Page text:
Rediff.com » News » Found! Warren Anderson in $900,000 luxury home
Anderson and his wife Lillian own a luxury home in the Hamptons
Last updated on: June 7, 2010
Since he was declared absconder in 2002, Anderson was not part of the case in which 8 were convicted
Journalist Shakti Bhatt located former Union Carbide Chairman Warren Anderson’s luxury home in New York, declared unknown by the American and Indian governments, in India Abroad, the newspaper owned by Rediff.com, back in September 2002.
As a Bhopal court convicted eight people on Monday, June 7, for the worst-ever industrial disaster, we reproduce the global scoop:
Warren Anderson’s home in Bridgehampton, New York, militates against the notion of a hiding place.
Located on a street that runs off the main road, the gates of the house are open. As you enter, the neatly trimmed garden flowers, alternatively red and white, vie for attention with the sparkling vintage Buick Roadmaster parked outside the door.
If you stroll around the house, you come upon a large freshly cut lawn with two full-size beach chairs. The curtains in the bedroom are drawn. A king size bed with cream sheets and satin blue pillows, flanked by an ornate headboard, has just been tidied.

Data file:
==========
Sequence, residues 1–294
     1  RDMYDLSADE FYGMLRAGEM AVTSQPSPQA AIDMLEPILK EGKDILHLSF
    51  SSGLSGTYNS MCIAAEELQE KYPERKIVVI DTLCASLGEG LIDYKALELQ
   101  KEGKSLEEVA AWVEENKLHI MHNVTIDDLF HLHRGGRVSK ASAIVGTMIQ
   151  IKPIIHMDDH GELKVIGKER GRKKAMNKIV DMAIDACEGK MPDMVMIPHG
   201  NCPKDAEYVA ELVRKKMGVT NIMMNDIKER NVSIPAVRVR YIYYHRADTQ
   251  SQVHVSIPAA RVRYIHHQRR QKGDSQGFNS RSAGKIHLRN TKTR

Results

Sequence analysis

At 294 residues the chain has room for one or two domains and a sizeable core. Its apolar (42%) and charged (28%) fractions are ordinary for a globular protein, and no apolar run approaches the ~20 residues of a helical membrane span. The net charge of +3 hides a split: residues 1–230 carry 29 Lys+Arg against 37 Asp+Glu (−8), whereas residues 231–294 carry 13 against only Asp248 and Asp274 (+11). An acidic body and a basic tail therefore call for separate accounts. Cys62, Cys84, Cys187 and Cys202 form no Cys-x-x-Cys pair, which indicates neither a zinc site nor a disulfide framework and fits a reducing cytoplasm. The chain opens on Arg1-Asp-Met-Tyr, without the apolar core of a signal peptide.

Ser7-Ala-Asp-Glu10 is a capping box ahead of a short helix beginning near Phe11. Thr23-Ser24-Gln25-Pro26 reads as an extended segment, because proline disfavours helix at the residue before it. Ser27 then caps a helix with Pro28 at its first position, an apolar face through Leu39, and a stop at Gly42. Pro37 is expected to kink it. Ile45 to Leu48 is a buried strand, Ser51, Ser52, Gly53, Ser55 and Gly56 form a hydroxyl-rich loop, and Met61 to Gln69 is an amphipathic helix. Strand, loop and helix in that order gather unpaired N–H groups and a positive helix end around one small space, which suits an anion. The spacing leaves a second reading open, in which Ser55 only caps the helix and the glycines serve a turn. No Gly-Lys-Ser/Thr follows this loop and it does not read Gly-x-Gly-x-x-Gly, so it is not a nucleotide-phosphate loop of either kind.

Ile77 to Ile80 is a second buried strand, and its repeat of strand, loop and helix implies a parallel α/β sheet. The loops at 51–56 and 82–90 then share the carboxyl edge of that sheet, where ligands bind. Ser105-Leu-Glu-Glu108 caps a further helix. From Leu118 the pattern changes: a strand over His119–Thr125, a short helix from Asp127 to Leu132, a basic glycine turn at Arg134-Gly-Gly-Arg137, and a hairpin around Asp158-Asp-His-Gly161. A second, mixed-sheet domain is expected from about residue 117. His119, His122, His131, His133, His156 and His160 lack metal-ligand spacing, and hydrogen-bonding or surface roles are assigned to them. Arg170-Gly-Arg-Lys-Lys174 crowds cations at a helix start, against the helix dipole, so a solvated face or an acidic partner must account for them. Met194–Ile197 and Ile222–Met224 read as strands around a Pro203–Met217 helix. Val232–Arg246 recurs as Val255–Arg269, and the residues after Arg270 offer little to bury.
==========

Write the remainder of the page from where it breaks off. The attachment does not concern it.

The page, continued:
Anderson and his wife Lillian live in this luxury home in the Hamptons, the weekend resort for the rich and famous. And, occasionally, the infamous.
Anderson has lived here since he was charged with ‘culpable homicide’ for the disaster at the Union Carbide factory in Bhopal in December 1984 that consumed the lives of over 20,000 people. If Anderson — then Union Carbide CEO — is ever extradited to India, he could face charges leading to 10 to 20 years in a dirty, overcrowded, rat-infested Indian prison.
Bridgehampton is an intensely private neighbourhood. An outsider driving around its roads is distinctly discernible and stared at. A five-minute walk from Anderson’s home on Ocean Road takes you to the water. A man is perched in his red sports jeep, reading a golf magazine.
“Do you know Warren Anderson?” I ask him.
He looks up, a trifle annoyed at being disturbed. “Yeah. I mean we are not best friends but I know who he is,” he says.
I begin to walk away. He stops me and says, “You know, yesterday there was this woman outside his home with a poster saying ‘Go back to India’.”
“Do you know why?” I ask.
“Nope. That is his business,’ says the gray-haired man, and goes back to his magazine. Source